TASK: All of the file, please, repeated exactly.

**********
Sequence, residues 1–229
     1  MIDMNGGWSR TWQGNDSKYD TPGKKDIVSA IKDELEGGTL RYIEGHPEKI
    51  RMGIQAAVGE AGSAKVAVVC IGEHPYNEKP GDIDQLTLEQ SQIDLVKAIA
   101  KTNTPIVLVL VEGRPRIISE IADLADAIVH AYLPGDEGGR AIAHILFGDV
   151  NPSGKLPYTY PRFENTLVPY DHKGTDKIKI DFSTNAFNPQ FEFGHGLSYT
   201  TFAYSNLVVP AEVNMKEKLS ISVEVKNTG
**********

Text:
Sequence, residues 1–229
     1  MIDMNGGWSR TWQGNDSKYD TPGKKDIVSA IKDELEGGTL RYIEGHPEKI
    51  RMGIQAAVGE AGSAKVAVVC IGEHPYNEKP GDIDQLTLEQ SQIDLVKAIA
   101  KTNTPIVLVL VEGRPRIISE IADLADAIVH AYLPGDEGGR AIAHILFGDV
   151  NPSGKLPYTY PRFENTLVPY DHKGTDKIKI DFSTNAFNPQ FEFGHGLSYT
   201  TFAYSNLVVP AEVNMKEKLS ISVEVKNTG